Below right I have changed the audio settings. The first thing to go is stereo, this will cut the size of the audio file in half. I have applied the IMA 4:1 compressor and lowered the audio sample rate to 32k. This will produce excellent audio and handles voice, music or both quite well.
Default Uncompressed Audio = 13.3 megs
Compressed Audio = 3.3 megs
Creating a QuickTime movie for the web.
Time to get to work. Back in FCP 4 (FCE), I have rendered out my video and audio and then set In and Out points on my Timeline to define the movie that I want to convert to QT for the web. If you want to export your entire Sequence you can select it in the Browser window.
In FCP 4 and FCE 2, File Menu > Export > Using Quicktime Conversion. For FCP 3 and FCE 1, File Menu > Export > QuickTime.
You will be presented with the Save dialog box. Notice that the 'Use' menu, below left, is set to Default Settings, not what you want. Click on the Options button. It is in the 'Movie Settings' window, shown below right with default settings, that all of the QT parameters are set.
I always set my 'Size', in the Video section first, and the first QT movie that I will make will be for broadband internet connection. When I build my QT movie for dial up I will pick a smaller Size thus reducing the file size for the slower connection speed.
Click on the Settings button in the Video section, it is in this section that you will choose the Codec to compress your video. There are a number of choices and new to QT 6 is the "MPEG-4 Video" codec. Even though the new MPEG-4 Video is available, I have chosen the "Sorenson Video 3" codec for this article. There are several reasons for this. As MPEG-4 Video is found only in the newer QT 6 and considering that not everyone is running QT 6, there could be people who can not access playback of your MPEG-4 QT movie. As Sorenson Video 3 is available in older versions of QT, more people will be able to view your movie. The choice between Sorenson Video 3 or MPEG 4 is purely subjective. Some prefer one, some the other. I have been working with Sorenson for years and it is my codec of choice. On the plus side, MPEG 4 files sizes are inherently smaller. More importantly, MPEG 4 is also a smarter codec. Later on in this article I discuss gamma correction for viewing QT movies on PCs. With MPEG 4 the gamma correction process is not necessary as the MPEG 4 codec automatically buries 'Color Sync' profiles in the QT movies. At playback, the MPEG 4 QT movie will check the platform of the viewer and adjust gamma automatically, serving up a gamma corrected version for that platform, Mac or PC. This is a powerful feature.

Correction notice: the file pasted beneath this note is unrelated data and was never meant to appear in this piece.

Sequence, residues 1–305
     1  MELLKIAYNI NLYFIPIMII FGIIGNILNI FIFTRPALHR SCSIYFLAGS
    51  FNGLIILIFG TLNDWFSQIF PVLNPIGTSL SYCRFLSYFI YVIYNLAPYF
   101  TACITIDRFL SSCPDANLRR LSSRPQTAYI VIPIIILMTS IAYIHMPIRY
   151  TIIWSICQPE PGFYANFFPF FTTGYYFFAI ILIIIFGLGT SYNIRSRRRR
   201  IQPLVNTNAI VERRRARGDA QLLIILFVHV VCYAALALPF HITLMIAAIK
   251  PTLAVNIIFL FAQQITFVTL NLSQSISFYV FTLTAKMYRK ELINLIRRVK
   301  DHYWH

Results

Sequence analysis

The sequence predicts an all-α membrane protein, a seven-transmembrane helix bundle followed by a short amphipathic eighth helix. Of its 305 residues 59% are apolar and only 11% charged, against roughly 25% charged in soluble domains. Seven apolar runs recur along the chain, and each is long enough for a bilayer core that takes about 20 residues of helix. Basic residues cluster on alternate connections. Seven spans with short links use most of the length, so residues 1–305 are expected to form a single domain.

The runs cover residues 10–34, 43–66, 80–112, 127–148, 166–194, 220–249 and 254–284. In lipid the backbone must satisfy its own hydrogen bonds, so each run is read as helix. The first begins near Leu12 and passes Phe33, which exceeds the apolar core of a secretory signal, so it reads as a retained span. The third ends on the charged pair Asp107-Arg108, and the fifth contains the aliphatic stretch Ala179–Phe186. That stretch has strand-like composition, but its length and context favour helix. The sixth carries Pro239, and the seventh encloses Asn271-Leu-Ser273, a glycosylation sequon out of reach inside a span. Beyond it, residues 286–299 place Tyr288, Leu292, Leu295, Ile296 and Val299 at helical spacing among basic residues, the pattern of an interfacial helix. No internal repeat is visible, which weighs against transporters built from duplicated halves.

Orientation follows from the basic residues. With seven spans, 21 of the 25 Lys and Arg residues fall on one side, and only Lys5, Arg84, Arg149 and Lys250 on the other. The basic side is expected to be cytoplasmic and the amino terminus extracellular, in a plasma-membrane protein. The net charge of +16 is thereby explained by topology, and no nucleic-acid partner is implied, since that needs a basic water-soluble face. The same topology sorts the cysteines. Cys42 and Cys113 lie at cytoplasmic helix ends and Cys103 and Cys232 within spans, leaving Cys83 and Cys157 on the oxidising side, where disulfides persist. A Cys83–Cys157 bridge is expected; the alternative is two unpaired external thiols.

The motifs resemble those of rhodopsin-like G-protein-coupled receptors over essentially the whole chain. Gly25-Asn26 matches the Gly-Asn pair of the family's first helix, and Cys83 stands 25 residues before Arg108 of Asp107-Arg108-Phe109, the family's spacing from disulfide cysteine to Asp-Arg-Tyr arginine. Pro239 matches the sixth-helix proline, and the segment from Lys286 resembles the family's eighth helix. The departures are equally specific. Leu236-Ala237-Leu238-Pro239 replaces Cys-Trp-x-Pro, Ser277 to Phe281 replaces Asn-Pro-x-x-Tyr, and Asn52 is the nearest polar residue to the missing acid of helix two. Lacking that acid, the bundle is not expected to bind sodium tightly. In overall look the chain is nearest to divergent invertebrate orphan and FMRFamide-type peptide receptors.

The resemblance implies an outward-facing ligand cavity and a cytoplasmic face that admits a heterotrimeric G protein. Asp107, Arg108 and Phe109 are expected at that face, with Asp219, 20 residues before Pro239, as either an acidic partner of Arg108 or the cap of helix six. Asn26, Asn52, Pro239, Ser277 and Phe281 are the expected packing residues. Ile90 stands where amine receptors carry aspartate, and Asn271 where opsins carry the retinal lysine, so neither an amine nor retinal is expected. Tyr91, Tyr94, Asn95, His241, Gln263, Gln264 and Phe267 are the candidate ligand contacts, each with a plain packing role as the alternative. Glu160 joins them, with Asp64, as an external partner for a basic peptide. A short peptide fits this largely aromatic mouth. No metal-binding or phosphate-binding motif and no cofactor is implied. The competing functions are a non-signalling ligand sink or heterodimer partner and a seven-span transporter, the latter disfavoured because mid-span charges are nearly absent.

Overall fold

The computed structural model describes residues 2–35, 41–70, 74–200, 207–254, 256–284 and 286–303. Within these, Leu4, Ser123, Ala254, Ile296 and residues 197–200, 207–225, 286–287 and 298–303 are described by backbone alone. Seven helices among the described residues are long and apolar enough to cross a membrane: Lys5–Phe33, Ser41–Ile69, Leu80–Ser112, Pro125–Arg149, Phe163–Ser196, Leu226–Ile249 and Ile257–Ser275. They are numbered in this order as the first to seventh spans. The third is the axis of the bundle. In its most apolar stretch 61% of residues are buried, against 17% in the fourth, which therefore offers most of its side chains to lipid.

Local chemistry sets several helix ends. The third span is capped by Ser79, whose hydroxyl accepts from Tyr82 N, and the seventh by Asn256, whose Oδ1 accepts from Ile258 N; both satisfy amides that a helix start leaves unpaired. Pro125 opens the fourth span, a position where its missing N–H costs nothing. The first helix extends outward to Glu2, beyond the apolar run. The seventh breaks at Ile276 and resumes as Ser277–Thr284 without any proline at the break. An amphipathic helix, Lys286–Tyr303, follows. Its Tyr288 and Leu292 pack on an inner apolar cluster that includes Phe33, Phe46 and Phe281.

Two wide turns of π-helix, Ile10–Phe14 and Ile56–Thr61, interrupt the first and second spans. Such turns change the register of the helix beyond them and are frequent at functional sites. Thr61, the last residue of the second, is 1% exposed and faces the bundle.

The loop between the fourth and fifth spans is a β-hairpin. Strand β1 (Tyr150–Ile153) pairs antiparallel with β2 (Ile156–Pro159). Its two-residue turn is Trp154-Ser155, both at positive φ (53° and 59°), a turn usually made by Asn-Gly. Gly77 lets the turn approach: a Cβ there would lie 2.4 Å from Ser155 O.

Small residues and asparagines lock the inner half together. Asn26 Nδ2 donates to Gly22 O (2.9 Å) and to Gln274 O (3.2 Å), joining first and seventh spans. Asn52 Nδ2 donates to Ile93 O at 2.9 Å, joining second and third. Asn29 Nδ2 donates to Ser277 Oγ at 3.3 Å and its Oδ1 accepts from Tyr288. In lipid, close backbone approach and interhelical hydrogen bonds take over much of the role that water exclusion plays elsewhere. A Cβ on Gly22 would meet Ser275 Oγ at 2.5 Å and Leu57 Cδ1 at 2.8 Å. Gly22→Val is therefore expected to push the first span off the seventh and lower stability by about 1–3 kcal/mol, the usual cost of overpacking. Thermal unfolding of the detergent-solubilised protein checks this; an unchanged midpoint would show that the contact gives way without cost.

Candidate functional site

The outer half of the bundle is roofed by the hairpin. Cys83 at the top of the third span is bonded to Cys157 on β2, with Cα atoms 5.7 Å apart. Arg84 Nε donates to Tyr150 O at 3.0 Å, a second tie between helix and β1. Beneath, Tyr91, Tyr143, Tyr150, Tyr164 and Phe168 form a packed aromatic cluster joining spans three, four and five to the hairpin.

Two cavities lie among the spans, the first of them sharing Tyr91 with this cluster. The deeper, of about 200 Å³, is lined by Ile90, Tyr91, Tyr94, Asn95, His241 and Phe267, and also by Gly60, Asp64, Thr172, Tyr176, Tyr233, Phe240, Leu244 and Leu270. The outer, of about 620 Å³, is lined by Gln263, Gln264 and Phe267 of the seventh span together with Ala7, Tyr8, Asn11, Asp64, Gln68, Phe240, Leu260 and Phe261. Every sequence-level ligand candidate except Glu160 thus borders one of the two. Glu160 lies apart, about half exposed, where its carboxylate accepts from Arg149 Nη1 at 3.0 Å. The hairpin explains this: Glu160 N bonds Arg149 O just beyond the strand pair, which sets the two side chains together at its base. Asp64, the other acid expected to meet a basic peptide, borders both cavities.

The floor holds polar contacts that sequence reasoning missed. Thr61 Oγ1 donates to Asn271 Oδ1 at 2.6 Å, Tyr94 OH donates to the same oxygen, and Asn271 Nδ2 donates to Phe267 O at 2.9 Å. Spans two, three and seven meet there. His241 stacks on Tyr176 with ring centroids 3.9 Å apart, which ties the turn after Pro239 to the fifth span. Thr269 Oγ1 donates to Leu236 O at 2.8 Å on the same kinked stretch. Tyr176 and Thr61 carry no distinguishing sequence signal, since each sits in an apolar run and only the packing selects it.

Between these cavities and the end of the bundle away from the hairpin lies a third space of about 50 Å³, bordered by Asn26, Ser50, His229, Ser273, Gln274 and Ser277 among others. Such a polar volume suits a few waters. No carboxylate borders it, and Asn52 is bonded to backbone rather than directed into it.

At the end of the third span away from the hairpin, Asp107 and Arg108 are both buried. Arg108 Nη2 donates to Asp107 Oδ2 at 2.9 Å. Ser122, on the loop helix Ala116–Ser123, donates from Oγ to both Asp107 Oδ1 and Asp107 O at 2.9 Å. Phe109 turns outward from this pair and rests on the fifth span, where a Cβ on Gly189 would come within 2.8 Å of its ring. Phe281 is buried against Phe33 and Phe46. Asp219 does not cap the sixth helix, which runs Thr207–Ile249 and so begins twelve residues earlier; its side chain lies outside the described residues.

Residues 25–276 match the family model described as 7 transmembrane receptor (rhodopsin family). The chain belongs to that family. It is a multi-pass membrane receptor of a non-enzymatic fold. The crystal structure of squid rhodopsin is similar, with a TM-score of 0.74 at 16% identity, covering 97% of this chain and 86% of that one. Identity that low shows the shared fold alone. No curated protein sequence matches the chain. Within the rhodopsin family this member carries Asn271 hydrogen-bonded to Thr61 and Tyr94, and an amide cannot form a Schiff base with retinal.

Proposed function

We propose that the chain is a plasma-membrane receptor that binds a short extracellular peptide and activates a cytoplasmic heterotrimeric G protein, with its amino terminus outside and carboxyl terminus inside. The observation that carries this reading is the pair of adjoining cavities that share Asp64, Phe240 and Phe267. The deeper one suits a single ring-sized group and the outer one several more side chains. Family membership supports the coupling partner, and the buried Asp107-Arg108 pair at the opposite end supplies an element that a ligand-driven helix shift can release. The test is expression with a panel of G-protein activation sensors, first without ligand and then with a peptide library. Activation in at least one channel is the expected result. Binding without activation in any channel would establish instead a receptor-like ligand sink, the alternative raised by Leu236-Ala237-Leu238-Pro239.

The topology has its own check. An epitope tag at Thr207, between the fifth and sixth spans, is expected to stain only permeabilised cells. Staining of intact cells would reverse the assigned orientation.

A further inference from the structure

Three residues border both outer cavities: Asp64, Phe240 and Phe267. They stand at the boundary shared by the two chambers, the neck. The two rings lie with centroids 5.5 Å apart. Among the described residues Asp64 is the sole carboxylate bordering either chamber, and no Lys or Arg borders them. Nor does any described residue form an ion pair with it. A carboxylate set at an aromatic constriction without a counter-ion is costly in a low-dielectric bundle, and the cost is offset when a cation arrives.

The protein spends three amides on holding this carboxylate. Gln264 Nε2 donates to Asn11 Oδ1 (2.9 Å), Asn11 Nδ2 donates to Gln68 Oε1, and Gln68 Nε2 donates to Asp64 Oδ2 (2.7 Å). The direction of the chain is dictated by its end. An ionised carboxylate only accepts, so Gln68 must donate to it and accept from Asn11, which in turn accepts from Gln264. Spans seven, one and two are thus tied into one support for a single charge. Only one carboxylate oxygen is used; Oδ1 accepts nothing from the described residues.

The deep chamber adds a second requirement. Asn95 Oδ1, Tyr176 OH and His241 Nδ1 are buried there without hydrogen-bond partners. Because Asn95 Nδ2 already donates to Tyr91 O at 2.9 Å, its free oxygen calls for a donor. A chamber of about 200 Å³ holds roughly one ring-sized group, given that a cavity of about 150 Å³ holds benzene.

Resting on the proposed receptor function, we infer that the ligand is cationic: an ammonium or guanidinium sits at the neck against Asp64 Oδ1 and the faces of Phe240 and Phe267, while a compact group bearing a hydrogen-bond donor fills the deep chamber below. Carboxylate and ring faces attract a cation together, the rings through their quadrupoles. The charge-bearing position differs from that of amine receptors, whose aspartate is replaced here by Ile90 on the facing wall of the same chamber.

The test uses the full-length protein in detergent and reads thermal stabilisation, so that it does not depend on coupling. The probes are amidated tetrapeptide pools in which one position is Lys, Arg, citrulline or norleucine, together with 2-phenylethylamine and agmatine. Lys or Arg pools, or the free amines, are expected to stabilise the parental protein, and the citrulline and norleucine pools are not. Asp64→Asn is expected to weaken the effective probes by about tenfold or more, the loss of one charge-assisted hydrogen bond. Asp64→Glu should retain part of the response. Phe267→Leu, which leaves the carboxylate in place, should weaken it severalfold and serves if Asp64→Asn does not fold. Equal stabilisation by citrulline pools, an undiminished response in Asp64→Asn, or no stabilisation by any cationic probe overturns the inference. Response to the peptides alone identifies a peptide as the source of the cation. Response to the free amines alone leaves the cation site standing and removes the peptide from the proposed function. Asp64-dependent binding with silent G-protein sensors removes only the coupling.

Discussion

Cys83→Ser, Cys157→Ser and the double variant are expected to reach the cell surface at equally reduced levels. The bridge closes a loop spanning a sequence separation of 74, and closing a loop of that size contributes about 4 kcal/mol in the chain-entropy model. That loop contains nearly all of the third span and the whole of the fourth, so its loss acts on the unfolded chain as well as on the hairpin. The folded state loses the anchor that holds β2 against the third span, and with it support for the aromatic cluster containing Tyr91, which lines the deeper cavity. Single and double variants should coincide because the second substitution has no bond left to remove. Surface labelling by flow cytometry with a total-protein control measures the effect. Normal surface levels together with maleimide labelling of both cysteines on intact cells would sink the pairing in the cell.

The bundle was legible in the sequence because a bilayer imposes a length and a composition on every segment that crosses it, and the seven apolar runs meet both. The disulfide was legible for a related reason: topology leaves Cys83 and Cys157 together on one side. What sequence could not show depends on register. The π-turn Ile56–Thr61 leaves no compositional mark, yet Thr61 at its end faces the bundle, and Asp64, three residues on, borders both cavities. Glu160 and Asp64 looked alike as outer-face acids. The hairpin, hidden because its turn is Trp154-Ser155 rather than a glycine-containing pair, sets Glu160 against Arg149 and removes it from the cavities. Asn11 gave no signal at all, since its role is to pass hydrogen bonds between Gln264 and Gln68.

With Compression Quality slider I will use the default setting of "Medium' as this seems to be a good compromise between quality and size. As you can see below, it is possible to tweak the Quality settings, to make slight adjustments for movie quality and size.
In the Frames per second section, the default setting shows no value, the box is blank. You must enter a value, I have set 12 fps as my QT movie has little motion.
"Key frame every" defaults to every 24 frames which would only be correct for the Animation codec. For the Sorenson Video 3 and MPEG 4 codecs be sure to change this setting.
Key frame rate for NTSC
Key frame rate for PAL
"Limit data rate to". There are two different ways to have QuickTime movies download to your audience. Internet Streaming is done in real time, and is used for live broadcasts, like web casts or the radio stations found in iTunes. Progressive or .html downloads, the more common method, is similar to downloading any file file from the internet and is not done in real time, it takes as long as it takes. Both dial up and broadband have limits to how much data per second each can handle. This concept is most important for Internet Streaming. The Data Rate of a movie is critical for streaming movies. As streaming is done in real time, if the data rate is higher than the connection speed, dial up or broadband, the real time playback will be disrupted.